By Selam Gebrekidan and Matthew Robinson
NEW YORK May 8 U.S. consumers bracing for a
costly summer have reason to breathe easier.
Regular gasoline prices will average $3.79 a gallon between
April and September this year when more motorists are likely to
hit the road, the data arm of the U.S. Department of Energy said
on Tuesday. That is the exact same price as the national average
last week, according to data released on Monday.
The downgrade comes after a 13 percent drop in crude oil
prices from their peak in March, and would put pump prices on
course to be just 8 cents higher than a year ago, the
department's statistics arm said in its monthly outlook. Last
month the agency forecast a price of $3.95 a gallon.
Lower gasoline prices will temper concerns the economy is
heading for a repeat of last year when a spike in gasoline left
people with less money for other expenses and stole momentum
from the economic recovery.
"Billions of dollars won't be spent by consumers on gasoline
that can be spent on other things," said Chris Varvares, an
economist at Macroeconomic Advisers in St. Louis.
Lower gasoline prices will also take the edge off of
inflation, which could give the U.S. Federal Reserve more room
to ease monetary policy should the recovery falter.
But the forecasts also reflect a slightly gloomier reality.
Prices have been falling because of lackluster economic
indicators in both the United States and Europe. Gasoline
futures prices slid below $3 a gallon for the first time
since February and consumption is down more than 6 percent from
a year ago amid still high unemployment.
"The (EIA) forecast is more a reflection of what gasoline
prices have already done over the past month," said Tim Evans,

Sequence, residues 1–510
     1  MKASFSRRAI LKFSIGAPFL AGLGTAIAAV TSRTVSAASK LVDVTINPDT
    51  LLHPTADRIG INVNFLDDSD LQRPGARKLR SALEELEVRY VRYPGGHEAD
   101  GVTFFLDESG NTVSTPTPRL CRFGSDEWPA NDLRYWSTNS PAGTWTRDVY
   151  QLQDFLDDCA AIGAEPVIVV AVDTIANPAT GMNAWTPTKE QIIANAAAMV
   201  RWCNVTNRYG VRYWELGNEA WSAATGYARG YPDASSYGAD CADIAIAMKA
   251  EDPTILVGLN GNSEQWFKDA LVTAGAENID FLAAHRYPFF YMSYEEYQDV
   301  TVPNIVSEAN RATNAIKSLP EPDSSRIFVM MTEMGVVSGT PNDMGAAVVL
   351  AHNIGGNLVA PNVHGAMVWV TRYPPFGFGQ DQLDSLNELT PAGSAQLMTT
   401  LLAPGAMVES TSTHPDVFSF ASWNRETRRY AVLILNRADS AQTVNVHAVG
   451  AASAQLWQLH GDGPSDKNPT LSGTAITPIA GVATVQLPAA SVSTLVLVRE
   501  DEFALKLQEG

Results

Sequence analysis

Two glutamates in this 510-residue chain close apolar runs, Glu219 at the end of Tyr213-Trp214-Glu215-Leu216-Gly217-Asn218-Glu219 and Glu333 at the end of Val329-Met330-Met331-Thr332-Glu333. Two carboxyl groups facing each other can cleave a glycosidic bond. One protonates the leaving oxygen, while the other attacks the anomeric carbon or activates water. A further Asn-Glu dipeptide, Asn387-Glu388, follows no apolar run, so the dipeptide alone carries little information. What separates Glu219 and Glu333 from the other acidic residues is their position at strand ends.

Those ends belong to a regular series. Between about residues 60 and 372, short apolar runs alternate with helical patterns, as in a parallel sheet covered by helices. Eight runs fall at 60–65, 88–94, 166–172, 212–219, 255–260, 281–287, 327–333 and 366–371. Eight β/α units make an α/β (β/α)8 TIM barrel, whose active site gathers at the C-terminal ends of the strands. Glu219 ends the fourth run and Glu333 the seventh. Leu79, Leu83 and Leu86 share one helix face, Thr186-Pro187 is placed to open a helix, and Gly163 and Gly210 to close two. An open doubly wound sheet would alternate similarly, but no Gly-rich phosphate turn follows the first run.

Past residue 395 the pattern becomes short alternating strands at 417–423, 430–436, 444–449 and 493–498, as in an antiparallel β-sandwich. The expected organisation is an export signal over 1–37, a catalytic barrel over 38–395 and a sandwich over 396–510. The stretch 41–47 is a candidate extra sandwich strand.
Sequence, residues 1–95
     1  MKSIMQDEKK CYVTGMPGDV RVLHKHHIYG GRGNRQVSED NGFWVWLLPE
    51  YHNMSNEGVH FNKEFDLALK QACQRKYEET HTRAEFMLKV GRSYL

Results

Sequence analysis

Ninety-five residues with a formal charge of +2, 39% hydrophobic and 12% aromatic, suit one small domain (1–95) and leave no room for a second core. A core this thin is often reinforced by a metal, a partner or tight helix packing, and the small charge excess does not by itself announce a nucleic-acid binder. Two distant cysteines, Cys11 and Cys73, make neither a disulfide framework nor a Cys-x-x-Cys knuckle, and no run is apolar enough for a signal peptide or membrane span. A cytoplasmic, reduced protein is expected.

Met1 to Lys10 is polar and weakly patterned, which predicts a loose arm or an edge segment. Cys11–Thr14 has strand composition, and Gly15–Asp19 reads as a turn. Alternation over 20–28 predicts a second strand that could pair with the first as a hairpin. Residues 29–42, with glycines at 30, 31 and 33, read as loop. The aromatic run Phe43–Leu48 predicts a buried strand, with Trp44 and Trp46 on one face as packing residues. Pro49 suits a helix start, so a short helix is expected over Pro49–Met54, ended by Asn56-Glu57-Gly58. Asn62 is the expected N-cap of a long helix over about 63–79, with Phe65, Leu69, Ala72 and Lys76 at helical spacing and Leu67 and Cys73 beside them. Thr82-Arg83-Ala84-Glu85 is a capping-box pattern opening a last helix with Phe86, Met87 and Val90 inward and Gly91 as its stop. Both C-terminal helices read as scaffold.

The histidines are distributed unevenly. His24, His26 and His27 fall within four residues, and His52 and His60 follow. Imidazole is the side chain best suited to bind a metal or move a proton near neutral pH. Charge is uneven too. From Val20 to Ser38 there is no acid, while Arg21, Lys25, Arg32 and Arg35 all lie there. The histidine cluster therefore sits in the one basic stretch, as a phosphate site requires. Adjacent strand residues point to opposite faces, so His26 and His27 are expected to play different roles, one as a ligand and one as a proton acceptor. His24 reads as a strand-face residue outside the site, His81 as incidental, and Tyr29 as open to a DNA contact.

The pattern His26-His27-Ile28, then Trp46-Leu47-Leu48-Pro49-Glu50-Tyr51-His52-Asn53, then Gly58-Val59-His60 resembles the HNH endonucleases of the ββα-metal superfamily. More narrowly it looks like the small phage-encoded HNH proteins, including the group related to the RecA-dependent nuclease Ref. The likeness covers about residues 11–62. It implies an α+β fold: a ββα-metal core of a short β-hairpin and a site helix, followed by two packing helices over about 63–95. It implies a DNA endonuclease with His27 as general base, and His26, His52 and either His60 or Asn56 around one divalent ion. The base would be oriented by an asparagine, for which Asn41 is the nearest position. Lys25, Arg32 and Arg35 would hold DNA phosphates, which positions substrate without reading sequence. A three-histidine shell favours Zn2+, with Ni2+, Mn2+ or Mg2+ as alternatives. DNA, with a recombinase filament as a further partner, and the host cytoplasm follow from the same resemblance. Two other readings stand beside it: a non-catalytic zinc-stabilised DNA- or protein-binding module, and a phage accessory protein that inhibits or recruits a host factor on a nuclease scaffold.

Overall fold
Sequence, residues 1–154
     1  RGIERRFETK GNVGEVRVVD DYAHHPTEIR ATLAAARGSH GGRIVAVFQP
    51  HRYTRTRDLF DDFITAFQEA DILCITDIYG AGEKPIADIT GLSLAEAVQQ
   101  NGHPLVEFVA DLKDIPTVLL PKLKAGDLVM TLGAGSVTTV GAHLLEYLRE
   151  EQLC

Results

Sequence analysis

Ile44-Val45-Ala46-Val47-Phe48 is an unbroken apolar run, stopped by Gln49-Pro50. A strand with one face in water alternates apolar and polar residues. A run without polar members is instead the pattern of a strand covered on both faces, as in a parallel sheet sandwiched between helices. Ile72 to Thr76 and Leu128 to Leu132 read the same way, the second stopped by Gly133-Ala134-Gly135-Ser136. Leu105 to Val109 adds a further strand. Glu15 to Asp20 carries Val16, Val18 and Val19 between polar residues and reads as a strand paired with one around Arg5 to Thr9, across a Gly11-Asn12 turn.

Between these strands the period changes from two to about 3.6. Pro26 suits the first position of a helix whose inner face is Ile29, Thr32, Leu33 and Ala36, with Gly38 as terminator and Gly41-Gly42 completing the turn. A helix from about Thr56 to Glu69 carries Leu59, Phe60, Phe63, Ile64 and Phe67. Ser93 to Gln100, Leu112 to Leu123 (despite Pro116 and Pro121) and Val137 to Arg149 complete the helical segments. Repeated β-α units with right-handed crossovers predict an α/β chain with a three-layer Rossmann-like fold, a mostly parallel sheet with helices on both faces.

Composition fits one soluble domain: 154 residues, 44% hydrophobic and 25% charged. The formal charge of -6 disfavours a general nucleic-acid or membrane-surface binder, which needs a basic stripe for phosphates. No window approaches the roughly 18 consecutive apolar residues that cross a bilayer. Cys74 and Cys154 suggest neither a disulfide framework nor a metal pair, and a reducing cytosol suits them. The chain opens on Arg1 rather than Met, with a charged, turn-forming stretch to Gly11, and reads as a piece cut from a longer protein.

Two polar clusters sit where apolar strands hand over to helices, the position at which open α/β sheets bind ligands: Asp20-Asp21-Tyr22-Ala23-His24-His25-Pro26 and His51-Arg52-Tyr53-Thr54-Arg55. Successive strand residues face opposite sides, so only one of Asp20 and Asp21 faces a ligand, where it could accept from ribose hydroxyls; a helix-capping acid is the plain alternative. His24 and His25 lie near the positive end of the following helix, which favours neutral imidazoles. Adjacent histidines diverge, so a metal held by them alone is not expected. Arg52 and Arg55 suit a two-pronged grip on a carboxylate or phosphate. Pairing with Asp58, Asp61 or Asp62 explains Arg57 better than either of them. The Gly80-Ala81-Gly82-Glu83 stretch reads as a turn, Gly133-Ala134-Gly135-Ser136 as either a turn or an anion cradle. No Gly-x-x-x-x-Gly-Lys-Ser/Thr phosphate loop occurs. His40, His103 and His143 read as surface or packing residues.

Energy Analyst with Citi Futures Perspective.
Crude prices, which account for about two-thirds of the cost
of gasoline, surged in the first quarter due to a string of
production outages across the globe and the threat of a
large-scale disruption of Iran's supplies due to Western
sanctions against Tehran.
International benchmark Brent crude topped $128 a barrel for
the first time since 2008 in early March, driving U.S. gasoline
to near $4, the highest level ever for that time of year.
Further support for gasoline prices came from expectations
that three refineries on the East Coast would be shut down due
to weak profits, causing regional supply shortfalls.
But the market's focus has now shifted. U.S. crude has
tumbled below $100 a barrel to touch its lowest level since
December because of persistent economic uncertainties in Europe
and the United States and the largest crude stocks buildup since
Concerns about supplies on the Eastern seaboard eased and
prices followed lower after two of the three East Coast
refineries threatened with shutdown found potential buyers.
The downward revision in gasoline prices came despite
forecasts for a slightly tighter oil market this year. In the
May Short-Term Energy Outlook, the administration projected oil
production from non-OPEC nations will average 52.6 million
barrels per day in 2012, a 100,000 bpd cut from previous growth
Moreover, EIA raised demand forecasts worldwide by 70,000
bpd to 960,000 bpd in its latest reports.
Gasoline demand picks up over the summer as motorists take
to the road for holidays, with the late May Memorial Day holiday
weekend kicking off the season.